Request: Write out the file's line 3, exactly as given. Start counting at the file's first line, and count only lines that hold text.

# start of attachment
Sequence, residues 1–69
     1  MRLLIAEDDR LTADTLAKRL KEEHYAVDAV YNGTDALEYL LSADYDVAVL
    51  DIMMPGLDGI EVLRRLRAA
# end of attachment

    51  DIMMPGLDGI EVLRRLRAA